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On-Air Now

Bay Area Issues Air Quality Warning Due to Wildfire Smoke



The Bay Area Air Quality Management District issued a Spare the Air Alert through Thursday due to smoke from wildfires in California and Oregon.

Residents are not allowed to burn wood and should avoid smoke by remaining indoors.

The Bay Area Air Quality Management District shared recommendations.

How Individuals Can Prepare for Wildfire Smoke:

  • Weatherize the home in preparation for wildfires by replacing or refurbishing old leaky windows and doors; use caulking to seal the openings.
  • Consider purchasing a non-ozone producing air purifier (HEPA) to create a cleaner air room in the home, or consider purchasing a MERV 13 or greater filter for your HVAC system to be used when we are experiencing a heavy smoke event.
  • Consider upgrading to an HVAC system that allows for both heating and cooling and has the mechanism to switch to RECIRCULATE to prevent smoke from entering the space.
  • Individuals with health conditions should talk to their physicians to develop a personal plan for smoke.
  • Identify locations in your community that have cleaner filtered air spaces such as:
    • indoor shopping malls
    • local libraries
    • cooling centers
    • community centers
    • civic centers
    • local government buildings
  • Make a plan to go to a cleaner air location if you are unable to seal your home or if dense smoke occurs during hot weather events.

Special Health Concerns Related to Wildfire Smoke:

  • Smoke can irritate the eyes and airways, causing coughing, a dry scratchy throat and irritated sinuses. Drink plenty of water during heavy smoke events.
  • Elevated particulate matter in the air can trigger wheezing in those who suffer from asthma, emphysema, COPD or other respiratory conditions.
  • Elderly persons, pregnant women, children and individuals with respiratory illnesses are particularly susceptible to elevated air pollution levels and should take extra precautions to avoid exposure.
  • Those with heart or lung disease, older adults, pregnant women, and children should avoid prolonged or heavy exertion and either move or reschedule outdoor activities.
  • Asthmatics should follow their asthma management plan.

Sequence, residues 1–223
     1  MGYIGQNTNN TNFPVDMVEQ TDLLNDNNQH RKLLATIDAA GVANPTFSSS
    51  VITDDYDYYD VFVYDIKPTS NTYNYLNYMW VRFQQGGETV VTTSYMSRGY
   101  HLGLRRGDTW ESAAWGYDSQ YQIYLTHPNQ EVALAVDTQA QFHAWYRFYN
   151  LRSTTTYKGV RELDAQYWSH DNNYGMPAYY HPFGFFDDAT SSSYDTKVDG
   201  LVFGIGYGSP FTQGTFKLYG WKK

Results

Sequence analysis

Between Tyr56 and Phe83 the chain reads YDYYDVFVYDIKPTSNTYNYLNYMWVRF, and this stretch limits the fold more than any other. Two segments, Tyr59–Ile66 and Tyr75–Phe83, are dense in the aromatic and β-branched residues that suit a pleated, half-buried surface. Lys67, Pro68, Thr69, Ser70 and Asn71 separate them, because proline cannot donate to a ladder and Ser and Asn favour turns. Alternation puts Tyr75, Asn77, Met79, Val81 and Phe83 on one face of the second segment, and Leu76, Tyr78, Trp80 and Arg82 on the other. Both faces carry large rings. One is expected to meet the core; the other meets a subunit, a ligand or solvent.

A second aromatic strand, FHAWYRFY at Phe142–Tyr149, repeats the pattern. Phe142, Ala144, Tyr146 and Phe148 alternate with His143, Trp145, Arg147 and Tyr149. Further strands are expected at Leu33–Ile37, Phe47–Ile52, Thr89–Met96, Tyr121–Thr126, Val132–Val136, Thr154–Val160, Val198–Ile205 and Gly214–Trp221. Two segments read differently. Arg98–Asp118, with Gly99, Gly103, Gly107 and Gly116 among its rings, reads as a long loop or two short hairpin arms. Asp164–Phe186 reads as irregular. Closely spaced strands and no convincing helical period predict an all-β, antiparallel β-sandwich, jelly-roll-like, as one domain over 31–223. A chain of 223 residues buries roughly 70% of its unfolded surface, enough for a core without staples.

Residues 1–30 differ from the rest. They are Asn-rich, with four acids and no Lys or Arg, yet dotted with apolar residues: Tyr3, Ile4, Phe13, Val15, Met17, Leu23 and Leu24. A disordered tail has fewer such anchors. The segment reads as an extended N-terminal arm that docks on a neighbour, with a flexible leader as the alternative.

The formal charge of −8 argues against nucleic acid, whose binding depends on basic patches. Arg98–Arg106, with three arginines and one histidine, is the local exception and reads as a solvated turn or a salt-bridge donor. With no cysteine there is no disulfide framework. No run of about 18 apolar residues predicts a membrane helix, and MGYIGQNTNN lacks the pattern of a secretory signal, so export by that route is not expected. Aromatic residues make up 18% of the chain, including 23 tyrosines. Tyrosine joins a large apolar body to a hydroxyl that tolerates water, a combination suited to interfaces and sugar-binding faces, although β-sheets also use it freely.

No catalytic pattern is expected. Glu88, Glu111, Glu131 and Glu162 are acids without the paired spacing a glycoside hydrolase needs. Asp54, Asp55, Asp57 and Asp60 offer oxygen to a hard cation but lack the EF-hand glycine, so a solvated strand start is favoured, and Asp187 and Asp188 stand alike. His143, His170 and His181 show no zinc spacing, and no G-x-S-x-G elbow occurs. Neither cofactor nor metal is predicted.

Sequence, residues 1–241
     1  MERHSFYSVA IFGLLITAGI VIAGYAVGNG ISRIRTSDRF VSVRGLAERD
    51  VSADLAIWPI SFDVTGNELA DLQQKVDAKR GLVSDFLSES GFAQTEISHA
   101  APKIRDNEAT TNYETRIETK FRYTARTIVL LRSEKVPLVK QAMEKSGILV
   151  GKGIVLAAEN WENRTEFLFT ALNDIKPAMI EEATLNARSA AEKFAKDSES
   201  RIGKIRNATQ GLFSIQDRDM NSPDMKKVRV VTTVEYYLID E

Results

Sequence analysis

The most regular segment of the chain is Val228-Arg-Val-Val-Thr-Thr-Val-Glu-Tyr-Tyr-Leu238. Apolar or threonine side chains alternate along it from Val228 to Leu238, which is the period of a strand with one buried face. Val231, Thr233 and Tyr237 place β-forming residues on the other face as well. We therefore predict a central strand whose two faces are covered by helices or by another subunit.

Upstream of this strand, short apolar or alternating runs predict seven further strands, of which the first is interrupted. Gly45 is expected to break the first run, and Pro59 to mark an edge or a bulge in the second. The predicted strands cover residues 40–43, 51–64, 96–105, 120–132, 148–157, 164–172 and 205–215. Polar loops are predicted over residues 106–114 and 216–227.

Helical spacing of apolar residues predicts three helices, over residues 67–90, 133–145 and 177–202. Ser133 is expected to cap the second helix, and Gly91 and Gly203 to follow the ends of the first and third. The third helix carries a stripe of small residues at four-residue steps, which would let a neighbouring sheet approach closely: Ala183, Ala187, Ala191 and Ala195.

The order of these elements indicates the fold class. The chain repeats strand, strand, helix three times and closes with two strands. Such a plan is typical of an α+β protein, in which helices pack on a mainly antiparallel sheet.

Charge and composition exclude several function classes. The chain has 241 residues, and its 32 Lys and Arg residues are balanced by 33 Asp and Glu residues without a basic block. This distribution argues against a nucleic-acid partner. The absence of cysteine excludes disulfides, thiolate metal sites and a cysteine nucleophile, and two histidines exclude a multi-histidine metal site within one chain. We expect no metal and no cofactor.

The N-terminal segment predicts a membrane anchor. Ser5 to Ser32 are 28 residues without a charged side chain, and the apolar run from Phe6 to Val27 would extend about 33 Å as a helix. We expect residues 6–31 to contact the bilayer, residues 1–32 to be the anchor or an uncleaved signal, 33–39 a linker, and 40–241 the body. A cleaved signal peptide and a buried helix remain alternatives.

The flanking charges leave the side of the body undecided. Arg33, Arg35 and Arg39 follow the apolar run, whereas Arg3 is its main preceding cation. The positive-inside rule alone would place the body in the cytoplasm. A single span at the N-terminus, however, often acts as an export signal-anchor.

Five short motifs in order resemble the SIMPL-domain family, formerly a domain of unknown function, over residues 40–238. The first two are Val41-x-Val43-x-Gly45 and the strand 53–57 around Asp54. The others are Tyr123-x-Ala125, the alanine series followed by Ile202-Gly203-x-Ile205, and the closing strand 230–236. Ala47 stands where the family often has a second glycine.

• Individuals should contact their physician if they have symptoms of cough, shortness of breath, or other symptoms believed to be caused by the smoke. Concerned individuals should consult their physician for personalized recommendations.

What to Do During a Smoke Event:

  • Leave the affected area, if possible, for the duration of the heavy smoke event.
  • Staying indoors with windows and doors closed, where air quality is better, is the best way to protect your health. During high heat and heavy smoke events, keep indoor air cool or visit a cleaner air-cooling center.
  • Set air conditioning units and car vent systems to recirculate to prevent outside air from moving inside.
  • Avoid adding additional air pollution by curtailing activities such as wood burning, lawn mowing, leaf blowing, driving, barbecuing, or other dust-producing activities.
  • Masks are not a substitute for staying indoors and must be fitted properly for best protection.
    • Masks can provide a false sense of security and may not provide the protection needed.
    • Bandanas and typical surgical masks do little to protect against wildfire smoke particles.
    • Certified N95 masks are currently not approved for children – new mask guidance for children is currently under consideration.
  • If unable to visit a cleaner air center or a cooling center, those that must be outside for extended periods of time may benefit from using a tight fitting N95 mask to reduce their exposure.

Find more information here.